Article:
Suburban homebuilder William Ryan Homes of Schaumburg, Illinois, is coming up with creative ways to stay on top with a unique “customer-driven design” concept for first- and second-time homebuyers. Founded in 1992, the single-family-home builder has completed more than 9,000 homes in the metro areas of Chicago, Milwaukee, Tampa, and Phoenix.

Vice president of sales and marketing Debbie Beaver talks with gb&d about her research into what aspects of green building William Ryan’s customers want today and how the company is finding ways to build quality homes while working around the market downturn.

What are families looking for today that they were not looking for five years ago?

DB: A lot has changed. Five years ago bigger was better. Today what people are looking for is price per square foot and more functionality per square foot. They want defined, smaller homes with better technology and more appointments. Rather than a 3,000-square-foot home with vinyl and carpet, they would rather have a 2,500-square-foot home with granite and hardwood.

These days, more often than not, the families have duel incomes, so they are looking for homes that make their lifestyle easier. We did a buyer focus group, and what we heard often was [the desire for] conveniences that [would make] life easier for a working mom. They wanted things like mudrooms … and core living areas with a combined family room and kitchen that includes a pocket office where kids could do their homework and keep things organized. We ended up completely redesigning our homes to incorporate these ideas.


William Ryan Homes has found that homeowners want interiors that are open and designed to accommodate the hectic lives many families now lead.

Walk me through the process William Ryan goes through in deciding where to build a subdivision.

DB: Using Metro Chicago as an example, we created a matrix and dropped in the top 25 school districts within the Chicagoland area. On top of that, we identified the towns serviced by rail and major interstates into Chicago. If the town answered all three questions as “yes,” then that’s where we focused our next subdivision.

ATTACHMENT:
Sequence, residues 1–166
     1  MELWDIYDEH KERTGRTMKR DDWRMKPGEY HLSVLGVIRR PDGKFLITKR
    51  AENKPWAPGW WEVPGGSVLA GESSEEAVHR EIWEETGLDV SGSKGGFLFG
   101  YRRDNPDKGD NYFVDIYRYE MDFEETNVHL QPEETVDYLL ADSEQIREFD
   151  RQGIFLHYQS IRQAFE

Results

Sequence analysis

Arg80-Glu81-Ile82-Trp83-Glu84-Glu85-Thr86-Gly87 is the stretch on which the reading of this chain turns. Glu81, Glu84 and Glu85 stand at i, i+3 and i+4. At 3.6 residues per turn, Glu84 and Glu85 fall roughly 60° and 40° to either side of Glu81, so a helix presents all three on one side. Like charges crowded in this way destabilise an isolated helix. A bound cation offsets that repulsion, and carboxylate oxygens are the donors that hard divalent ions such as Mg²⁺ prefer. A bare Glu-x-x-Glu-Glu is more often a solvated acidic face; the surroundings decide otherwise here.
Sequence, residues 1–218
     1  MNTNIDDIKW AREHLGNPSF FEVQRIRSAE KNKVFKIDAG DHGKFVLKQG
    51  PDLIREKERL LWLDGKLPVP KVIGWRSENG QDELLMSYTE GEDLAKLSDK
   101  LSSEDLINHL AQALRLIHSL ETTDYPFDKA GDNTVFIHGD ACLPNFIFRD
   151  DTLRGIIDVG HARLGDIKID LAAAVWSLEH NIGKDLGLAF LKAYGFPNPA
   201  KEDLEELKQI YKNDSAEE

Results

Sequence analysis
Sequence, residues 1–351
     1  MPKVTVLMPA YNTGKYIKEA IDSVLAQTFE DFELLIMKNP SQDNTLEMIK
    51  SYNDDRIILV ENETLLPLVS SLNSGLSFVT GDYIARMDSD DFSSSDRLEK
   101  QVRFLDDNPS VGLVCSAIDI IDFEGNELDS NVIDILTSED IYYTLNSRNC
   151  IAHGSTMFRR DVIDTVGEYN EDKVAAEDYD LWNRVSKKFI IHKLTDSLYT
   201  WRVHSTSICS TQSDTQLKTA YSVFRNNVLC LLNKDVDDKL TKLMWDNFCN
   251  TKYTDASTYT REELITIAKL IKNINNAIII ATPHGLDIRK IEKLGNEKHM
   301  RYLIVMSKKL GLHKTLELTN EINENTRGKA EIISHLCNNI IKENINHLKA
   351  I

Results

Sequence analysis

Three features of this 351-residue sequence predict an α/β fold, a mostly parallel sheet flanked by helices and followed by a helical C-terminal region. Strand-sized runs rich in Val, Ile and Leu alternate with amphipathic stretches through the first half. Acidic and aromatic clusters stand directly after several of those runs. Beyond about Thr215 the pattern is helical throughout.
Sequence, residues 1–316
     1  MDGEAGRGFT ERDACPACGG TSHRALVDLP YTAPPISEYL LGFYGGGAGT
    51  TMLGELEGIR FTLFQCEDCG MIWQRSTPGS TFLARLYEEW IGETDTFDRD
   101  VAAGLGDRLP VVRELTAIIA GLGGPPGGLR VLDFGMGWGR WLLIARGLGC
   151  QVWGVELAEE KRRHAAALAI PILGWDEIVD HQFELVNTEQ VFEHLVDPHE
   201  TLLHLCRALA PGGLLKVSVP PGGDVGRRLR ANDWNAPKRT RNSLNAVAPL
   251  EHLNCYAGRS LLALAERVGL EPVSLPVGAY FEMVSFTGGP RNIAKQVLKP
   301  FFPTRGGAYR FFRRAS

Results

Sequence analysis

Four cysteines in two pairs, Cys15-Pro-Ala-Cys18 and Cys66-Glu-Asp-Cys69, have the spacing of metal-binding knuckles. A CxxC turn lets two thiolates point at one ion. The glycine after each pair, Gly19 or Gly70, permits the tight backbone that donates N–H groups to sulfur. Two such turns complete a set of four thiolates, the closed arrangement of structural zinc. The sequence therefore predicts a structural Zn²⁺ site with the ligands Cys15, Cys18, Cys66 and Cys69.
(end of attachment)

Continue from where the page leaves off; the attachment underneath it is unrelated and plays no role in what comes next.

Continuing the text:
What are you doing today to adjust to market conditions?

DB: Six or seven years ago everyone was out there looking for the next piece of farmland to convert into a 200- to 500-unit subdivision. Our major competition these days really is not other builders; it’s short sales and foreclosures. If people can get a really nice house closer into the city, why should they drive all the way out to the farmland?

In response to this, we have started a new process called the Custom Collection. We took our 13 most popular floor plans that we build in that outer ring of Chicagoland and decided we could take those homes and drop them in, in teardown locations or vacant lots in the inner ring of Chicagoland. We can get homebuyers a home closer, at a price they wouldn’t get from a custom builder—hence the mantra “custom homes without the custom price.”

What green building features are you incorporating in your homes?

DB: Bottom line of the surveys I did on green building—people were willing to make a buying decision or willing to pay a better dollar for a home that saves them money now, a home that saves them money in the future, or a home that improved their air quality.

We took that information using our mantra of  “customer-driven design” and went to things like a 93 percent-efficient furnace, programmable thermostats, a MERV air filter for air quality, direct vent water heaters, bath timers in our bathrooms for fans and lights, vented range hoods and microwaves, sealed can lights, passive radon vents in all our basements, R20 exterior wall insulation, R50 in the attic, and low-E windows. We decided [that] rather than make a cheaper home to stay competitive, we would improve the way people live by adding features that customers are looking for at the same price.